Those were President Obama's words at the beginning of yesterday's Cabinet meeting on expediting stimulus spending even further.
Since I was still enroute from Lebanon where I helped monitor the recent elections, Deputy Secretary John Porcari was on hand to represent the DOT’s ongoing efforts to get stimulus funds into the economy.
Some reports have suggested that stimulus funds are not flowing as fast as claimed. That’s simply not true. These reports misunderstand where in the funding process job creation and purchases of materials and equipment occur.
In short, they overlook the moment when stimulus actually happens. It happens as soon as we make funds available to states, territories, and transit agencies.
I've said it before, but it needs to be said again:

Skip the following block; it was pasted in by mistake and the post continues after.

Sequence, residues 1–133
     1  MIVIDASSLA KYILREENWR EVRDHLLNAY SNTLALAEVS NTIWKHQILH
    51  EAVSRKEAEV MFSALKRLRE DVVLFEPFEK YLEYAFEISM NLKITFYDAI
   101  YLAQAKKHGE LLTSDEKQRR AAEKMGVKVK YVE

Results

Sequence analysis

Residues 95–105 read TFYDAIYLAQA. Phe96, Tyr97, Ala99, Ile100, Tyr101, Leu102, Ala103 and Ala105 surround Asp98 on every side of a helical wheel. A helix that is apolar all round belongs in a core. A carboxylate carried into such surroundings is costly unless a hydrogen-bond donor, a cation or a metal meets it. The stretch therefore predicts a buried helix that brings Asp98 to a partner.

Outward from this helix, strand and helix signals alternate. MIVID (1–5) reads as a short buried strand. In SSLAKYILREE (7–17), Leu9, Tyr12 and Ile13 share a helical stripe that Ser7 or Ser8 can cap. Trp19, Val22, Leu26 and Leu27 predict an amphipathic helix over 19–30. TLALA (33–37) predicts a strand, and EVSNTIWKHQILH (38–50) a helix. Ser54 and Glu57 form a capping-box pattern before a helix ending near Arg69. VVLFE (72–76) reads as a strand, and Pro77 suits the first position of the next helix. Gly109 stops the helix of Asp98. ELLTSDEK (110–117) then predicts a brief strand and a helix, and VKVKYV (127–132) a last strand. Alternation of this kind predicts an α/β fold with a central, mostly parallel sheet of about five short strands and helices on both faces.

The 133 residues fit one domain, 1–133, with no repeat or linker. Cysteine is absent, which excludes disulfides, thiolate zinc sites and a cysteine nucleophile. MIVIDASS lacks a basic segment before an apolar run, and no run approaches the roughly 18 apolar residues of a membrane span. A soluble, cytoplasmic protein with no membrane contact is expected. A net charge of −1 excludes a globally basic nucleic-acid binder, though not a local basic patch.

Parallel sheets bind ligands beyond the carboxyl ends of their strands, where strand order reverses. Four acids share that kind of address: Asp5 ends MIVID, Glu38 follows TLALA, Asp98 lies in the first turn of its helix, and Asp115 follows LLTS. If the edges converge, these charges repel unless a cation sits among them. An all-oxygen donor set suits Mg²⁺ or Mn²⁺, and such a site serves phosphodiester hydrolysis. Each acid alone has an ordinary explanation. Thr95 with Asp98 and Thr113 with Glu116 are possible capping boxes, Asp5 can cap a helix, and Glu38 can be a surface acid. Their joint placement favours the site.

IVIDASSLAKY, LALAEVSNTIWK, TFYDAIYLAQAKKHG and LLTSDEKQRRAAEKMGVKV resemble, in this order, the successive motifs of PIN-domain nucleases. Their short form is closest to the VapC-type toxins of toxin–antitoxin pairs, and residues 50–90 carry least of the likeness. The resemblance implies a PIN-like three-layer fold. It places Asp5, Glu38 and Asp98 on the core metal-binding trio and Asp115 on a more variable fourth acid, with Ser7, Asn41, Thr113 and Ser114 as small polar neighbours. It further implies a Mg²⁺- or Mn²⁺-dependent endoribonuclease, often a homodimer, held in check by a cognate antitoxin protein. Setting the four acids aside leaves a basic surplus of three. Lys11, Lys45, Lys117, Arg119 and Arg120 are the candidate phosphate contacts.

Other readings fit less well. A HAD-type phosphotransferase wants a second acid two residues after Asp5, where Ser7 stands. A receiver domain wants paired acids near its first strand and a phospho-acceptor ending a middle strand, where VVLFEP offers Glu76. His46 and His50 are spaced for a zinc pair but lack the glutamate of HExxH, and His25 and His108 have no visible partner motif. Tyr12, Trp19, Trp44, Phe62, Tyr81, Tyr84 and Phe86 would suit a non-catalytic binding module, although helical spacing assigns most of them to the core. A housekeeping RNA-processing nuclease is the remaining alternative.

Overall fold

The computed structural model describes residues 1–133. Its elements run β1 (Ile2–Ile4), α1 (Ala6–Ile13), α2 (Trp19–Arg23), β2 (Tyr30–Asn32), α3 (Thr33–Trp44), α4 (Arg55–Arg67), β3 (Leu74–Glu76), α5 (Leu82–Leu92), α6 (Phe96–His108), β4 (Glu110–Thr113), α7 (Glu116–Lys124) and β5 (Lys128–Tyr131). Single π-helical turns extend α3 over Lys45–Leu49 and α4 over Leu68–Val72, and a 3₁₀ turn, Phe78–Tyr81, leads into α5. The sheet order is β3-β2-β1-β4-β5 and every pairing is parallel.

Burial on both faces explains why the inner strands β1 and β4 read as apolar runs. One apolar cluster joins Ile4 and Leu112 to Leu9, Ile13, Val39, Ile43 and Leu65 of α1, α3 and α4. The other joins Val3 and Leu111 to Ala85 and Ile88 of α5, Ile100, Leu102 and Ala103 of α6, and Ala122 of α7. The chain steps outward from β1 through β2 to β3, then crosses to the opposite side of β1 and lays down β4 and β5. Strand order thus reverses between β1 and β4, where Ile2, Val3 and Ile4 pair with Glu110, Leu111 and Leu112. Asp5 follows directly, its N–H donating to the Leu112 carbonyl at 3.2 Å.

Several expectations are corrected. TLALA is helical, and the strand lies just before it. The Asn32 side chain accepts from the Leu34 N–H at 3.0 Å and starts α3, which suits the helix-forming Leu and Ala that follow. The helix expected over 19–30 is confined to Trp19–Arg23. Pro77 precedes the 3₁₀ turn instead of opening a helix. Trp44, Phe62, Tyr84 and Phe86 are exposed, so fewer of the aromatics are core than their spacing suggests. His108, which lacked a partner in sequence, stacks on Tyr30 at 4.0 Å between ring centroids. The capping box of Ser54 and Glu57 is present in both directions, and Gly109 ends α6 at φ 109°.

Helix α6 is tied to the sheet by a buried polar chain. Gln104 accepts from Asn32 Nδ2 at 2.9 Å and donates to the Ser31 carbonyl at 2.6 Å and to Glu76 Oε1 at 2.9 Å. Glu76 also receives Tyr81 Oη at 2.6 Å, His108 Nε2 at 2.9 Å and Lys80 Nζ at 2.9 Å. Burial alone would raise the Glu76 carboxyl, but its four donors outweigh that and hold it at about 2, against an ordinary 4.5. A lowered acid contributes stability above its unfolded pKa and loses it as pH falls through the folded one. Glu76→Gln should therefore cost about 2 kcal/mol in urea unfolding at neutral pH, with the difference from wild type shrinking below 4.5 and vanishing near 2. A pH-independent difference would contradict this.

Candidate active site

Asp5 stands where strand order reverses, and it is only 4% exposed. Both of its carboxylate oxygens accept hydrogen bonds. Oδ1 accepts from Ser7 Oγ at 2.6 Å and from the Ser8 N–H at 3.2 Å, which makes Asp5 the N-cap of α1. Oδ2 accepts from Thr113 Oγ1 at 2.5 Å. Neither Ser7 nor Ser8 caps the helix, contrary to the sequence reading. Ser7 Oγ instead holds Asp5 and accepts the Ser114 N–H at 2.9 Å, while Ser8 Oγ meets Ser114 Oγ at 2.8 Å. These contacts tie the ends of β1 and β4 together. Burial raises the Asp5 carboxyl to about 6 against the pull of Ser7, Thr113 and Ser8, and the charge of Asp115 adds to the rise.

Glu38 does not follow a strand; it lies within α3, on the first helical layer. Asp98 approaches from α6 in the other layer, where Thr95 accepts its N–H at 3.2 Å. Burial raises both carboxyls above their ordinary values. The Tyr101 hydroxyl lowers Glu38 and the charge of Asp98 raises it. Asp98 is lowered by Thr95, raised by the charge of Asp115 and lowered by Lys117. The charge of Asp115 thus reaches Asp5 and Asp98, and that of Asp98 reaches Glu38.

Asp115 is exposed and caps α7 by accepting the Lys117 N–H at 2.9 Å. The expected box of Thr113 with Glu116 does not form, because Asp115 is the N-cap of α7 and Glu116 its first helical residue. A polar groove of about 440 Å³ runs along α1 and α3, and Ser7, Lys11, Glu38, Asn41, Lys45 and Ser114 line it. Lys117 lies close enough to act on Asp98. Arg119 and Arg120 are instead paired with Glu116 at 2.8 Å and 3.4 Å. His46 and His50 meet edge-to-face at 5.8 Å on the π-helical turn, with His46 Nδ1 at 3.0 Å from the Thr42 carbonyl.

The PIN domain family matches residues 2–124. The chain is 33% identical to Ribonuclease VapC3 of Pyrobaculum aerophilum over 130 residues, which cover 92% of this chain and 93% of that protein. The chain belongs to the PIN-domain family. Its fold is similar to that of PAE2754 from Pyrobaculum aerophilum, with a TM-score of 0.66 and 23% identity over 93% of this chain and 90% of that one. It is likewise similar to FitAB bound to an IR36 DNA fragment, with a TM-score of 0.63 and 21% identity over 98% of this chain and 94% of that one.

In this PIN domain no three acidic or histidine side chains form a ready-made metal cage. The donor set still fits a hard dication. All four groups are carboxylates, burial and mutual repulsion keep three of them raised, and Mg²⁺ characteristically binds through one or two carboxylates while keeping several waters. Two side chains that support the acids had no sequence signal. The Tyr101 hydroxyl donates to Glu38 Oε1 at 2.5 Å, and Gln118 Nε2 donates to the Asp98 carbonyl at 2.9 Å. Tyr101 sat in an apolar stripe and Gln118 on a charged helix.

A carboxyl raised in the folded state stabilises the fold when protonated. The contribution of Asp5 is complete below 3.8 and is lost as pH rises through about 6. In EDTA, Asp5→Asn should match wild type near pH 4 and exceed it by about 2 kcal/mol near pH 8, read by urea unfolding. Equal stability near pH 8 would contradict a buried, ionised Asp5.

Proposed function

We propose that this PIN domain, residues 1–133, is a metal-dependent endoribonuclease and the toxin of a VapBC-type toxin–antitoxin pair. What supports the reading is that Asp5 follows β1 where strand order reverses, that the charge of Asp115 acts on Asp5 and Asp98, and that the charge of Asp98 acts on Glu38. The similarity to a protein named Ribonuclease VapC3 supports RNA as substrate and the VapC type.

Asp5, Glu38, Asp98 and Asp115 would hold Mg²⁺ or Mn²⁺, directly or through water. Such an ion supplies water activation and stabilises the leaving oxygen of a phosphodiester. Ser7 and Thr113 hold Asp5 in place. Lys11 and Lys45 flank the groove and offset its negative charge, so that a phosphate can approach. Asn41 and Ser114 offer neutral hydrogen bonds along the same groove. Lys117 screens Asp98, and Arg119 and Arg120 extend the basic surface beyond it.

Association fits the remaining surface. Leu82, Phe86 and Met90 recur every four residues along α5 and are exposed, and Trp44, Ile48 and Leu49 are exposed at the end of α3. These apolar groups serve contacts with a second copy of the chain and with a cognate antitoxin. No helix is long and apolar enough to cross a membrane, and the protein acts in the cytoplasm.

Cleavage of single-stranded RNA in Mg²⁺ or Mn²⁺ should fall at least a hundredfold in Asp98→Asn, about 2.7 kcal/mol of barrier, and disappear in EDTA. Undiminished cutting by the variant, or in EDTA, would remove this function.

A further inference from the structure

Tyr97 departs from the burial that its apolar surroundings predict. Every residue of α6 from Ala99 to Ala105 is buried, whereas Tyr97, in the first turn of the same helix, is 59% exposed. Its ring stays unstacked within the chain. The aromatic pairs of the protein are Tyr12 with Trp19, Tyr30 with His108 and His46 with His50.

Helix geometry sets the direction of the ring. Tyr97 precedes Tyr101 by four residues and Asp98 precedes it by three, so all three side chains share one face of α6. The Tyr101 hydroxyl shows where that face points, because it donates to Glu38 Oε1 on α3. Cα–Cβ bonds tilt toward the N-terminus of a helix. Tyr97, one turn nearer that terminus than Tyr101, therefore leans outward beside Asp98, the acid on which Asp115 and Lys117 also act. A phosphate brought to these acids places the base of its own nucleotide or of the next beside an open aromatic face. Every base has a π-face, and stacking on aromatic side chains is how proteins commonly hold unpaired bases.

That is economic stimulus, and all of that activity occurs before states have been reimbursed by DOT. When the states come back to DOT for reimbursement, then and only then do the funds we've made available become outlays.
But, by that time those funds have already been hard at work stimulating the American economy.
As of last week, we had made available $15.7 billion--nearly one-third of our American Recovery and Reinvestment Act (ARRA) funds--to 4,391 projects.
Moreover, within the first 100 days of the program, the DOT made recovery funds available at nearly twice the rate as we do for some of our normal programs.
By September 1, 2009, for example, over $3 billion in transit grants will be obligated. Over a third of these funds will be used to purchase over 4,000 transit vehicles. The remainder of the funds will aid the construction or rehabilitation of transit facilities, such as bus shelters and maintenance facilities, and provide needed support for maintenance costs to keep transit systems moving people effectively.
Call it what you want, but when you look at the amounts we've made available to the states and territories, you'll be looking at economic stimulus.